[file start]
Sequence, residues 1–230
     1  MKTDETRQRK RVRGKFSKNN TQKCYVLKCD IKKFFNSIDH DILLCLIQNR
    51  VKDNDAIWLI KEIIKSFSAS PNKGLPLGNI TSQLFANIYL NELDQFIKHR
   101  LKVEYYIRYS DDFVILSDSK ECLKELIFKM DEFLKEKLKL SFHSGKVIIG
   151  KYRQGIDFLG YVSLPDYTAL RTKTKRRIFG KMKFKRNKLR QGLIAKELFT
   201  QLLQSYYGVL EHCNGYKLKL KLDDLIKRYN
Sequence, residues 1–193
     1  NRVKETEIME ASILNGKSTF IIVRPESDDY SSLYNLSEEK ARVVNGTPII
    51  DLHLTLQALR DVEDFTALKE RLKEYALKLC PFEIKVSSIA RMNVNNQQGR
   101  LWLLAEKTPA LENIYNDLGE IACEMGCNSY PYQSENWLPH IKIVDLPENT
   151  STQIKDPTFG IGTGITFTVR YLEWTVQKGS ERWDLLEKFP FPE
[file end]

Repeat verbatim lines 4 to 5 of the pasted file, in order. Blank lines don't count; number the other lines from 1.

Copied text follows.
   101  LKVEYYIRYS DDFVILSDSK ECLKELIFKM DEFLKEKLKL SFHSGKVIIG
   151  KYRQGIDFLG YVSLPDYTAL RTKTKRRIFG KMKFKRNKLR QGLIAKELFT